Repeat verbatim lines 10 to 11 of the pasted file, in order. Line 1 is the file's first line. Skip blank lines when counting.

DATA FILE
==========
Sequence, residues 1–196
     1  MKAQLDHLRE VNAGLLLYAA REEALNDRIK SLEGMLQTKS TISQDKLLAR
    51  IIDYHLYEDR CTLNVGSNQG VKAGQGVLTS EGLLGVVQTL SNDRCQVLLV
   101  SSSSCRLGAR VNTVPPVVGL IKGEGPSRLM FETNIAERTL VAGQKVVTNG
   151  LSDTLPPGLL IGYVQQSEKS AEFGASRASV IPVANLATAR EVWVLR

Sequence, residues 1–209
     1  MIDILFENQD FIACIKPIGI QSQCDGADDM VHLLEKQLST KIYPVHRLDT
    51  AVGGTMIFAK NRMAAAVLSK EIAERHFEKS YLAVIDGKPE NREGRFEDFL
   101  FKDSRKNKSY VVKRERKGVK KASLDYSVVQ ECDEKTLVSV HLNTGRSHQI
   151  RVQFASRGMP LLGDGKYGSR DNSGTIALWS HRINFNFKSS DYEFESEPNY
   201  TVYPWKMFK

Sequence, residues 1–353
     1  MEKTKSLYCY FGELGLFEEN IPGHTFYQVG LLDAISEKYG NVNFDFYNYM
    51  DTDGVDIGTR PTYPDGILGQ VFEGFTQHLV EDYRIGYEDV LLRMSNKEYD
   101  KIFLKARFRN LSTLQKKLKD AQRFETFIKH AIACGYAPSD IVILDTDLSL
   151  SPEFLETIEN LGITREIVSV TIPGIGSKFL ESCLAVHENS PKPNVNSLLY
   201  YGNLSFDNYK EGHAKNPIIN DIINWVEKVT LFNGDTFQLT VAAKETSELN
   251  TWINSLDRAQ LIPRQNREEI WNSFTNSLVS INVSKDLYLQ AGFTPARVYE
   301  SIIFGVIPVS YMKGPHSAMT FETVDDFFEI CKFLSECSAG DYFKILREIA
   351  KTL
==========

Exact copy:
   151  RVQFASRGMP LLGDGKYGSR DNSGTIALWS HRINFNFKSS DYEFESEPNY
   201  TVYPWKMFK